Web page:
Adrian: We The Folk

Jun 24, 2015

Mark Leibovich of the New York Times recently explored the popularity of the term “folks” as the nomenclature preferred by politicians when referring to groups of people. And he notes the origins of the word as coming from the old English “folc” meaning … people.

Leibovich goes on to suggest that “folks” can mean anyone or no one, while at the same time serving as a proxy for kinship or shared membership. For political usage he finds wanting the terms “The American people” “The People” “the little guy” the “common man” and the newfangled “Everyday Americans.”

Before becoming a recovering politician myself, I often used the term folks. I would have loved to use “y’all” but that term carries its own cultural baggage and it didn’t sound quite right coming from a Vermonter, never mind a transplant from New Jersey.

But “folks” is apparently the word of the day as the next campaign season gets under way. It’s also a word that reminds me of the Grateful Dead, especially as the Fourth of July holiday approaches.

After 50 years of playing music, the reconstituted Dead (including Vermont’s own Trey Anastasio) will be performing what’s being billed as their “Fare Thee Well” final concerts in Chicago over Independence Day weekend.

In Chicago the Dead are bound to play the classic “U.S. Blues” – a song that, like the term folks, speaks to our degree of interconnectedness as a people, despite our differences on the surface. “Shake the hand that shook the hand of P.T. Barnum and Charlie Chan” is a reminder that we are often, especially in Vermont, only one degree of separation from someone else.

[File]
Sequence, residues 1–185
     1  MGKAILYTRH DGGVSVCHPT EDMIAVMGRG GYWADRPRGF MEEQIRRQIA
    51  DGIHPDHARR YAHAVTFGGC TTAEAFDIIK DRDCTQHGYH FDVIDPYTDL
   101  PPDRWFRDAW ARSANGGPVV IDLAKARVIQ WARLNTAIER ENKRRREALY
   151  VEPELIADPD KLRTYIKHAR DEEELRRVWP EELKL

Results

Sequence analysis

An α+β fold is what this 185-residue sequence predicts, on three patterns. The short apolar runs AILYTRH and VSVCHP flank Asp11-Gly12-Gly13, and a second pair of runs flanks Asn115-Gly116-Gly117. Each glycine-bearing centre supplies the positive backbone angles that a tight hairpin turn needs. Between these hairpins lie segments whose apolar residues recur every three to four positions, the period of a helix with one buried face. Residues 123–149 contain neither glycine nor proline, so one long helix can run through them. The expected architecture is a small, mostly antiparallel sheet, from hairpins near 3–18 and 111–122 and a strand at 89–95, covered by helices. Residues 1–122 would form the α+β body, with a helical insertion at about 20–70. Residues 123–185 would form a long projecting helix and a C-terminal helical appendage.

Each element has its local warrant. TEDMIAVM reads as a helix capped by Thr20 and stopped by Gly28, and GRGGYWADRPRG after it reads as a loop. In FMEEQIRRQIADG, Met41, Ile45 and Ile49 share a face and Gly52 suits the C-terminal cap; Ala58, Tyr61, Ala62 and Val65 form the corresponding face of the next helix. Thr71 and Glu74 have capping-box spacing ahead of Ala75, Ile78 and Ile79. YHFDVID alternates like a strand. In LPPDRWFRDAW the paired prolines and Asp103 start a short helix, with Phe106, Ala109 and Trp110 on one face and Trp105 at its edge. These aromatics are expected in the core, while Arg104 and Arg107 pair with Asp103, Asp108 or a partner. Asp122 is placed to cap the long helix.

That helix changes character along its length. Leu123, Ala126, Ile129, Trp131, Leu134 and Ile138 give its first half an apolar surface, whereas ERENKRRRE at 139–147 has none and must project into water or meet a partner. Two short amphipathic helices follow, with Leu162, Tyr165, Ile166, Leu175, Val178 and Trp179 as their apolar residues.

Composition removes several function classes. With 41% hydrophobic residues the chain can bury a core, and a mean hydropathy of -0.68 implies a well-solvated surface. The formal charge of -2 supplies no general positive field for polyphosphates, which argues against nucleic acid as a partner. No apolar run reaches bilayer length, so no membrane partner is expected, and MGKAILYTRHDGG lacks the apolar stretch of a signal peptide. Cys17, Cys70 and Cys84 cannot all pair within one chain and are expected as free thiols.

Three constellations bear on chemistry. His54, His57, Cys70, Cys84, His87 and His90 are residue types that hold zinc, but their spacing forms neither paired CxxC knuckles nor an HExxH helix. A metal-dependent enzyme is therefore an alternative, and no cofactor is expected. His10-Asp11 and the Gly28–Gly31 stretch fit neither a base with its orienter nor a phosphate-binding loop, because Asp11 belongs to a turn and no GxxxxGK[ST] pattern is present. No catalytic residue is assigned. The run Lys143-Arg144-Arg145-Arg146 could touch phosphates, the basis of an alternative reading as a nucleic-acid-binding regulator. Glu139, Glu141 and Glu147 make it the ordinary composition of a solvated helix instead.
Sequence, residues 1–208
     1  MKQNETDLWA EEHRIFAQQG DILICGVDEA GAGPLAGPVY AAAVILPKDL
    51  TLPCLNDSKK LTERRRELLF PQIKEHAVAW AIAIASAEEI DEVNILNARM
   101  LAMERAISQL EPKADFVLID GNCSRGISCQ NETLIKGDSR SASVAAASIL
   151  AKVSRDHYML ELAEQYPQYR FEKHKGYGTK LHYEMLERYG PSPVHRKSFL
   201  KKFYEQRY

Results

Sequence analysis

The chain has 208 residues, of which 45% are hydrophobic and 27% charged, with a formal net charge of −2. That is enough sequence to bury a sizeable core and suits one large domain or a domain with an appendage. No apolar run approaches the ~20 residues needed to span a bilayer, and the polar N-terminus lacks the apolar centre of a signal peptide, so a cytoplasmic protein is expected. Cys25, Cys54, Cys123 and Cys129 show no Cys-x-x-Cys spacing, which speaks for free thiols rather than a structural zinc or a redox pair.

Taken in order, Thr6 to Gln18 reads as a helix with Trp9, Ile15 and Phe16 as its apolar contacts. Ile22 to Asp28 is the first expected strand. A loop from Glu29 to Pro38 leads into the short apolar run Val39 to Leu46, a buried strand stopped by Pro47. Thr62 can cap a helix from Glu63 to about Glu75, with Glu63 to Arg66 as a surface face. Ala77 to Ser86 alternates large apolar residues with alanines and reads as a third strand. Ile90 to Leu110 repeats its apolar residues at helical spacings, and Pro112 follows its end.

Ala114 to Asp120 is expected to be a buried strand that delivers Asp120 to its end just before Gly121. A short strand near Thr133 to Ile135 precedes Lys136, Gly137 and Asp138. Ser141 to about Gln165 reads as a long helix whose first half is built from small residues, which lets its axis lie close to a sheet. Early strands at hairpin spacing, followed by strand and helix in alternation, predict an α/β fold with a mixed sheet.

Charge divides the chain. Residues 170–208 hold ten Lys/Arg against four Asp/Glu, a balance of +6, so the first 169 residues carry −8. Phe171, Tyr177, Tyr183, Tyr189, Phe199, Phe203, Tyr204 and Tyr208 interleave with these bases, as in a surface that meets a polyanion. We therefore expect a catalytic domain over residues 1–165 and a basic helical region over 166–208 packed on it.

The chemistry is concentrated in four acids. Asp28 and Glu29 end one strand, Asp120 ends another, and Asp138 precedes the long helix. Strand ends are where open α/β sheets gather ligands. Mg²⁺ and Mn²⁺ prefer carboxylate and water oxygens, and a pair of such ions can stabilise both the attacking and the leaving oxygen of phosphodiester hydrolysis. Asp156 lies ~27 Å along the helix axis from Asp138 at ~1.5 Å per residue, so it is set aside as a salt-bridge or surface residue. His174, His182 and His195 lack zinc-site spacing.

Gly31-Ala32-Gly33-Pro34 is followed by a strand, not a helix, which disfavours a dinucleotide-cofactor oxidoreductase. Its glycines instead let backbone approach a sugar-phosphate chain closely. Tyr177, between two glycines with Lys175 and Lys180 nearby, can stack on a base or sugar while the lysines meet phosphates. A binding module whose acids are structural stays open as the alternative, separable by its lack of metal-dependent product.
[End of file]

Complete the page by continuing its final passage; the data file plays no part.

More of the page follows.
And even though the U.S. Constitution was written several years after independence, all this talk about folks and the 4th reminds me of its famous preamble wherein it states “We the People of the United States, in Order to form a more perfect Union….”

Two hundred plus years later, we may never actually achieve perfection, but we’re still inching toward that ideal - despite the recent spate of racially complicated tragedies. Certainly we should continue to strive for a nation where all folks will be treated equally, both by the law and by each other. So this 4th of July, I hope we’ll remember that all folks in the U.S. are united under a single flag.

And who knows… maybe we’ll even be inspired by the Grateful Dead to “Wave that flag, wave it wide and high. Summertime done, come and gone, my, oh, my.”